The Pirates did their best to carry on that part of Clemente’s legacy on Wednesday as well, although the coronavirus pandemic prevented their typical team-wide visits to schools, non-profits and other community organizations. They hosted a drive-through food distribution event with the Greater Pittsburgh Community Food Bank on Wednesday that served 500 families.

Among other activities, they also hosted a meal and mask distribution at the Latino Community Center, supported local small businesses and non-profits affected by the COVID-19 pandemic, gifted New Pittsburgh Courier subscriptions to local libraries, purchased food service and sanitation supplies for the Light of Life Rescue Mission and delivered gift cards to fire stations and frontline workers. In the coming days, the team will auction off its No. 21 jerseys to benefit the Roberto Clemente Foundation and Pirates Charities.

“Roberto Clemente, the player, is one of the greatest players of all time,” Shelton said. “Roberto Clemente, the humanitarian, was probably the greatest humanitarian in the history of our sport, and it's why the award is named after him.”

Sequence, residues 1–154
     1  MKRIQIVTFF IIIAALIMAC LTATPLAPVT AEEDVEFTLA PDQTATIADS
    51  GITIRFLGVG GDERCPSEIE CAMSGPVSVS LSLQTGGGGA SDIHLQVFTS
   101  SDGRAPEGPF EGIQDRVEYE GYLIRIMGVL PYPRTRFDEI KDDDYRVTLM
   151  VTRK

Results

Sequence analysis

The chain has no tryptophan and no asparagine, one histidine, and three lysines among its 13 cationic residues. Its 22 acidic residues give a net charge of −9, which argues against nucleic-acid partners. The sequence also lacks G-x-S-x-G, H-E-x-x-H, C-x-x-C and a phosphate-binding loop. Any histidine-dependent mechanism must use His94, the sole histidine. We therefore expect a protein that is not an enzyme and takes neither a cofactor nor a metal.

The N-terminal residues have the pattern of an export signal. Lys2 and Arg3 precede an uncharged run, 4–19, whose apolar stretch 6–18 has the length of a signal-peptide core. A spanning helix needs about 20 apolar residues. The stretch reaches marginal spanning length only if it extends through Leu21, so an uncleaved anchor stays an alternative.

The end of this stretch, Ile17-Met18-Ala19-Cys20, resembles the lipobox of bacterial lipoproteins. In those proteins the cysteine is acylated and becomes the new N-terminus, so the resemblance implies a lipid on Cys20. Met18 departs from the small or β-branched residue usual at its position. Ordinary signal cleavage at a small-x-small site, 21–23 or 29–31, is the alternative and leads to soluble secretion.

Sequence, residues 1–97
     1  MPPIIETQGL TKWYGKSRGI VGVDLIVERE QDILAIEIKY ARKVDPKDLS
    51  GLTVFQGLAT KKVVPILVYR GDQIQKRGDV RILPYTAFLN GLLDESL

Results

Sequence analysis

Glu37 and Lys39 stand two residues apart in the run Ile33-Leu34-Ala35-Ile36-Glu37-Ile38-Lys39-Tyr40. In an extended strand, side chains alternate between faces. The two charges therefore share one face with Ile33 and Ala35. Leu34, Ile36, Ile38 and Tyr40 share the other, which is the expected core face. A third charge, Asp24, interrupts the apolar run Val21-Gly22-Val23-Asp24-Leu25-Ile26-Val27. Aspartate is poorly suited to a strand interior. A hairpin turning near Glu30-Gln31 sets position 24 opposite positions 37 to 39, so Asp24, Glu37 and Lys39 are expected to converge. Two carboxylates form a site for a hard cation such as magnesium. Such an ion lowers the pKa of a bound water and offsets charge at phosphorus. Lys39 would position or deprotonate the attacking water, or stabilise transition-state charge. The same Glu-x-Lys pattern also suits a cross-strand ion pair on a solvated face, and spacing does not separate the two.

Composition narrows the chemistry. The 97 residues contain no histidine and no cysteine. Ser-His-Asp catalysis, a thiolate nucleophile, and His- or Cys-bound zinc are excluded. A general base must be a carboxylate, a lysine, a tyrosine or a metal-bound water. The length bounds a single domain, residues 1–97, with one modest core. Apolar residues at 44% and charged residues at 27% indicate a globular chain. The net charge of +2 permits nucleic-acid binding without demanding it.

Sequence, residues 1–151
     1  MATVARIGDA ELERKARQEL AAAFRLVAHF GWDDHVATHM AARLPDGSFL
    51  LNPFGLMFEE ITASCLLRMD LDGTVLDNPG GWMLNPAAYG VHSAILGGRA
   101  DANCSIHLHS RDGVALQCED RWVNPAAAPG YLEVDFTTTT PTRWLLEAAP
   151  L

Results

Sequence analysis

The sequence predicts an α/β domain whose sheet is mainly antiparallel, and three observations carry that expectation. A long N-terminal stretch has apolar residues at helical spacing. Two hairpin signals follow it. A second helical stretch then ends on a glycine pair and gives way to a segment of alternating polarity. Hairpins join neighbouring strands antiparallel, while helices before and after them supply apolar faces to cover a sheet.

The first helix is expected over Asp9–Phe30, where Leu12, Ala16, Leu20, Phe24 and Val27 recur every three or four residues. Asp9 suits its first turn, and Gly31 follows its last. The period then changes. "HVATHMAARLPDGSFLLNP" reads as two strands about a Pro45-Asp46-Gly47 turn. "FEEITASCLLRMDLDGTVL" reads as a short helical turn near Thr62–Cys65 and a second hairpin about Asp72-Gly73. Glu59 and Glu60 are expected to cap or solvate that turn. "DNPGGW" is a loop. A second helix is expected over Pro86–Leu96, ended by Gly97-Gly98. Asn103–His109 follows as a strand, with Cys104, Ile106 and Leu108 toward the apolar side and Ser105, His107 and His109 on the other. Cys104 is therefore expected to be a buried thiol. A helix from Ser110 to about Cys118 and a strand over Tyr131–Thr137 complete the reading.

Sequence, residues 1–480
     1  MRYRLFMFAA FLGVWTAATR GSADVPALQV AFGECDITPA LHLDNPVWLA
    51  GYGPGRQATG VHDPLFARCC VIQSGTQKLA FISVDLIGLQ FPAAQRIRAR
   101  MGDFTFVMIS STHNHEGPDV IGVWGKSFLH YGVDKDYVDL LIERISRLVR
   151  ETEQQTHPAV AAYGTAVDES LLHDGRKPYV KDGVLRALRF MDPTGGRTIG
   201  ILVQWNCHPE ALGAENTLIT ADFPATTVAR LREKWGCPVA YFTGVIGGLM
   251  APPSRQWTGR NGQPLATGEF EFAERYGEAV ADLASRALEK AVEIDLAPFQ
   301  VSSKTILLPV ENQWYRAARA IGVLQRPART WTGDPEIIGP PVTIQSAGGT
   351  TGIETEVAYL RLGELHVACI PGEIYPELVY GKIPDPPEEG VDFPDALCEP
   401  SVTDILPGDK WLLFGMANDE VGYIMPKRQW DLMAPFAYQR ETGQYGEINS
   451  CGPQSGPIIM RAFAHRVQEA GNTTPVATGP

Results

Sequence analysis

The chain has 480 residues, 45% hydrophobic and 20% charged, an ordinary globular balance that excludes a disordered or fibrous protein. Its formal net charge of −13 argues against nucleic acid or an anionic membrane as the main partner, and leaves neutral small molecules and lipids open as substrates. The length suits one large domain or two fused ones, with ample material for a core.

, the Pirates’ nominee for this year’s Roberto Clemente Award, accepted his award from Pirates chairman Bob Nutting before first pitch, when both teams lined up on the field. Players from both teams turned to applaud Bell before observing a moment of silence for Vera, who passed away in November.

Throughout Major League Baseball, Puerto Rican players and others followed the Pirates’ lead and wore No. 21 to honor Clemente on the day named for him. The Pirates added “21” patches to their batting helmets and sported gold sweatbands. Several players and coaches, including Shelton and third-base coach Joey Cora, put on specially made cleats bearing Clemente’s image and number.

“To be able to wear his number, a number that’s retired, here at PNC in Pittsburgh, it’s unbelievable,” said Pirates starter , who allowed seven runs in 5 1/3 innings Wednesday. “Wish things would’ve [gone] a little differently to honor the number better, but it was still an honor to wear that number.”

Shelton said he hopes this becomes an annual tradition, a way to continue conversations about the impact of Clemente the player and Clemente the humanitarian.

There are many who believe it would be even more meaningful to retire Clemente’s No. 21 throughout MLB, the same way Robinson’s No. 42 is retired and worn once a year by everyone in the league. Bell called the Pirates’ celebration on Wednesday “a very good start.” Luis Clemente, one of Roberto and Vera’s three sons, similarly said the conversations are “moving in the right direction.”

Cora, a native of Puerto Rico, said the number was already “retired in our hearts.” But if it’s not officially retired in 2020, how about in ‘21?

“I want to see 21 retired. He deserves that. I’m thankful and grateful to wear it tonight because it’s special,” Polanco said. “We’re going to wear it tonight. We’re going to be thankful, grateful, and I hope they retire it. I hope the No. 21 is retired around baseball.”